Buried Secrets and Warped Identities
A supposedly reformed right-wing neo-Nazi leader is unable to stop trolling an elderly camp survivor on the train to Auschwitz by asking him, “What makes the Holocaust so special?” “Keep Quiet” is a dark documentary about buried secrets and warped identities. Since he was a teen, Csanad Szegedi wanted to be part of the leadership in the Jobbik, Hungary’s far-right anti-Semitic party. But then a disturbed colleague outs him as being as Jewish, and this it provokes a reckoning with his deep-in-denial family and an alliance with a rabbi who wants to guide him to reconciliation with his heritage. Szegedi then begins to apologize to the Jews that he had once slandered and harassed. Yet, he yearns to be in the spotlight at the same time that he shows his face to the world. Lacking in self-awareness, the impassive, closed-off Szegedi’s motives are unreadable as well as those of the filmmakers’ as they avoid drawing conclusions about a subject that can make many viewers uneasy.
This film provokes stunned reflection on generations of Eastern European who were hated because they were Jews and we see the depths that some will undertake to attempt to forget the past. Hungarian politician Csanad Szegedi had been a committed fascist, nationalist and anti-Semite since he was in high school. He was a founding member of Jobbik and ran the Hungarian Guard, a paramilitary organization that has now been banned. He was elected to the European Parliament in 2009. And then in 2012, at the height of his career, an unexpected revelation exposed by opponents within the far right ended it all.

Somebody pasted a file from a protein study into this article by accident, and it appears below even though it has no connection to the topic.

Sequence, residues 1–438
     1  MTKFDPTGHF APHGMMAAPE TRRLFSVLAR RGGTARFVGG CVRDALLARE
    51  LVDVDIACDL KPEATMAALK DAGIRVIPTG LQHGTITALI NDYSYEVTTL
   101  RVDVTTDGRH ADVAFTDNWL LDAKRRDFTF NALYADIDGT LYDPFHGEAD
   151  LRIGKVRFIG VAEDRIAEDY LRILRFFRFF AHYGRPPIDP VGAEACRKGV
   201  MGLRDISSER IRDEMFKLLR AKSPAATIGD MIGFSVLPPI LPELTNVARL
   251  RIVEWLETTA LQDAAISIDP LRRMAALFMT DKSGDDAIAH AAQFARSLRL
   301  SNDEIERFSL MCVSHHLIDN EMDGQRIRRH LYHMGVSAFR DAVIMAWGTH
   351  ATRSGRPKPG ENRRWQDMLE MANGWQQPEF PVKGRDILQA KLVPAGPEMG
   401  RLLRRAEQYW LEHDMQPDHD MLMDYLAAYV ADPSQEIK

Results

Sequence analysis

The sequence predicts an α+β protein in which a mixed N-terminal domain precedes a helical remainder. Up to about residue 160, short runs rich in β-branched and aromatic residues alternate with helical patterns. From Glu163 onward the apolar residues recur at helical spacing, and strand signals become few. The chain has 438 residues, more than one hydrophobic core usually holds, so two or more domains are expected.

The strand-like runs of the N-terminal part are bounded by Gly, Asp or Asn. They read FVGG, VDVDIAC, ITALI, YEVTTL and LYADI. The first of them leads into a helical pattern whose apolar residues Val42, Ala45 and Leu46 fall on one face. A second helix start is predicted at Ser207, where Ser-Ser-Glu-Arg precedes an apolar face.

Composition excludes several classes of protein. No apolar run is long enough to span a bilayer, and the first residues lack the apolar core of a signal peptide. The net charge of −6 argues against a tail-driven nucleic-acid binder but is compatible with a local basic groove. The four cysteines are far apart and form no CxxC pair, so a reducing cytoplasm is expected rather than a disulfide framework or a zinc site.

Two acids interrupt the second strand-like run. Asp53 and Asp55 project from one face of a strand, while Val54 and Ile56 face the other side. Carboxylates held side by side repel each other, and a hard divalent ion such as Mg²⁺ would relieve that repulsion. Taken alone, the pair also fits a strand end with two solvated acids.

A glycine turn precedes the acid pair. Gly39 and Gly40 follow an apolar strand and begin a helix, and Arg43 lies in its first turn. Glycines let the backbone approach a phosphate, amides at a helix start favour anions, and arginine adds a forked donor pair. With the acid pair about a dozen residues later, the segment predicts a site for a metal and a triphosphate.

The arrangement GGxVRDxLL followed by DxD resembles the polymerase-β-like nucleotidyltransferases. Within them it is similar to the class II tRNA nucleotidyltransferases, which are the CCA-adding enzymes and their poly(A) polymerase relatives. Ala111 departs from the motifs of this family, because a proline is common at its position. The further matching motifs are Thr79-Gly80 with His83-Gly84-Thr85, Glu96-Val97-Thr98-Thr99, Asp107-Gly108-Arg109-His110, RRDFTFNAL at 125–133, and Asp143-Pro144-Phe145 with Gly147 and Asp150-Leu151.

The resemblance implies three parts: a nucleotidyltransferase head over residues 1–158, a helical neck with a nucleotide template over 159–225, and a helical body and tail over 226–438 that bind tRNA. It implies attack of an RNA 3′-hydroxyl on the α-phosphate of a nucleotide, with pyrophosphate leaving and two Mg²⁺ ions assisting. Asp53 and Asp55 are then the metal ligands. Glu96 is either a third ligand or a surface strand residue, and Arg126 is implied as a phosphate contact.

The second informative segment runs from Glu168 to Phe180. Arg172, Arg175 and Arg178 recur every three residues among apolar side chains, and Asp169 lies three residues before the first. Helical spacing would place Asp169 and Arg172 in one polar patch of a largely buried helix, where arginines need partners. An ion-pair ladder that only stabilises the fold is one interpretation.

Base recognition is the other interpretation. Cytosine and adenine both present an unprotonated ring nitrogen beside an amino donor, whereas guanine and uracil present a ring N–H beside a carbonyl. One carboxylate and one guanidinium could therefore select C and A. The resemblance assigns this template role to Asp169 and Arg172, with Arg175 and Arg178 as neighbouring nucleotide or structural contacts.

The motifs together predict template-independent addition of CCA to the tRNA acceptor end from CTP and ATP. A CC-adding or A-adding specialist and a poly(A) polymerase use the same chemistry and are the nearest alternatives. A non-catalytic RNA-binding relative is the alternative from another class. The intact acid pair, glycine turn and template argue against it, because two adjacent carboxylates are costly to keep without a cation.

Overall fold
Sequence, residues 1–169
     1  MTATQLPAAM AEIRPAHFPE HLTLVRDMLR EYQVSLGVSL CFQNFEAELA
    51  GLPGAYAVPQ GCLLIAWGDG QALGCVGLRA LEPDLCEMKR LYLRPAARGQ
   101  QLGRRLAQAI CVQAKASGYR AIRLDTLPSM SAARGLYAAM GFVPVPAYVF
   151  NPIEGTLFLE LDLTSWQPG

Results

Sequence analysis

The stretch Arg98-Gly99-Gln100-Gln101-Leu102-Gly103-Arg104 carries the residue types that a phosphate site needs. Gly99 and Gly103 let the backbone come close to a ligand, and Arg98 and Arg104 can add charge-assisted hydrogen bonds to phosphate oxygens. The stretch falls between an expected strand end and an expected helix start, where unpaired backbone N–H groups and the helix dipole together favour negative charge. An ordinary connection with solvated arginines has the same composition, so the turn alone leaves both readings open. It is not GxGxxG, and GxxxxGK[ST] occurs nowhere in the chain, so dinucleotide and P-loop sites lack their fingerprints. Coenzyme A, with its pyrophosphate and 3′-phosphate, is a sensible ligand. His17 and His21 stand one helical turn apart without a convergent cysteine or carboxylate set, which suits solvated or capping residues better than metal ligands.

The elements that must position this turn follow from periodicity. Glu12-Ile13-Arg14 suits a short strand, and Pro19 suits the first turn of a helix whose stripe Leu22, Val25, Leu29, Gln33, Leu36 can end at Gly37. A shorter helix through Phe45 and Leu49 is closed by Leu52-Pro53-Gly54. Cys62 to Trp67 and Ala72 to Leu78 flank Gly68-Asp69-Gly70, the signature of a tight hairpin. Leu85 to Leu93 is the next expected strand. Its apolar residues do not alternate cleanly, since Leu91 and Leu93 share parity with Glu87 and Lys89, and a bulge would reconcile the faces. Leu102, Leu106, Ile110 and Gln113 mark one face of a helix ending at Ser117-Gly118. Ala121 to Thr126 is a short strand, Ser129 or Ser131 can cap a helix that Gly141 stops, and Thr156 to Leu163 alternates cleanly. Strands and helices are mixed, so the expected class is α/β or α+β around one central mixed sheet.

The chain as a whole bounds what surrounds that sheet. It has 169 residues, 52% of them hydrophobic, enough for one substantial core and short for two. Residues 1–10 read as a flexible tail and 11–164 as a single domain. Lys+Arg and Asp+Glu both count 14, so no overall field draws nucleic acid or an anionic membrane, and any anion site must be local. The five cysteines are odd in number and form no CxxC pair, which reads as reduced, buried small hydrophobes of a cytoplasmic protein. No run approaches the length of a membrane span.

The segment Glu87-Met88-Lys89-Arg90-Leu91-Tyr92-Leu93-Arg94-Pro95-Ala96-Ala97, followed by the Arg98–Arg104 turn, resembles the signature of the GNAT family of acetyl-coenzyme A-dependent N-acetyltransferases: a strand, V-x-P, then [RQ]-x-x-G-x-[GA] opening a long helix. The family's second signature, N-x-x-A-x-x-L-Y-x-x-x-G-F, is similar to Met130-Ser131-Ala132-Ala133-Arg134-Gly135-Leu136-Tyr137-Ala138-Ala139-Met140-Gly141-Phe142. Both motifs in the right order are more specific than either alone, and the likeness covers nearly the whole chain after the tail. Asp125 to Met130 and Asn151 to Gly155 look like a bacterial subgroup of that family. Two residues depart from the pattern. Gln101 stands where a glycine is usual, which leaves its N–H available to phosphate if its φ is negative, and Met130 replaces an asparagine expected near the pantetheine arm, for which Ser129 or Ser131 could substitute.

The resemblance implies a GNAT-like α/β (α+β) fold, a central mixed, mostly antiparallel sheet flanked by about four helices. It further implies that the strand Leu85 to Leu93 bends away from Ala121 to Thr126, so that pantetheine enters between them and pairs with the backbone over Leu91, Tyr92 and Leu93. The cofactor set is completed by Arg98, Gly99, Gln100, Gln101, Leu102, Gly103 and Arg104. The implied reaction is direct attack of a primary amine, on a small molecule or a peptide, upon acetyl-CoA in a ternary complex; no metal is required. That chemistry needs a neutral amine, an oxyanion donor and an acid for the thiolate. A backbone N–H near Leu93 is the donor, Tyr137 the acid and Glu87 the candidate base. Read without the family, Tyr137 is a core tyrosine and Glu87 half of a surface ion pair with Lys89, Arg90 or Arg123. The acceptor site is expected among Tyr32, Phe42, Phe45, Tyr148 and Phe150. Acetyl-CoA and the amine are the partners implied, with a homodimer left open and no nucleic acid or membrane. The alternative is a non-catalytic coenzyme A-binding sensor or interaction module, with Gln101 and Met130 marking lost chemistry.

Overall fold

Szegedi is Jewish and he lied about it and he comes across as a conflicted political figure. His mother and grandmother decided it would be safer to live as Christians. Even though his grandmother survived Auschwitz, she hid her story and her tattoo from her grandchildren. Directors Joseph Martin and Sam Blair do not look at the logic or ethics of her decision. Rather, they focus their energy and their film on Szegedi’s reaction to the news. The fallout came very quickly and his whole life had been built around his anti-Semitic community. That fell away in almost an instant. Szegedi went to the synagogue, looking for a new community to replace the one he lost. Rabbi Boruch Oberlander, an American-born Orthodox rabbi who moved to Budapest after the Cold War, agreed to meet with him and that is the main focus of the film. We are with Szegedi’s on his spiritual journey and relationship with the rabbi. This documentary is a story of repentance but
Szegedi does not seem to understand this. Within a year of his self-discovery, religious conversion and political rebirth, he begins traveling to speak at the events of major Jewish organizations and we see that he still searched for applause. The directors understand this and their cinematic insistence on serious repentance extends beyond the backdrop in front of which they shot all of their interview footage.
We see Rabbi Oberlander arguing with those who challenge his pupil’s right to inclusion after a life of such strong anti-Semitism. When Szegedi himself speaks at a Jewish conference in Germany, he is met with a lot of opposition. One woman, who left Hungary to escape the hateful rhetoric spewed by Jobbik and its supporters, refuses to accept him just on his word. After all, it has happened so quickly and the film refuses to really allow Szegedi to have a clean transition from racist to Jewish public figure.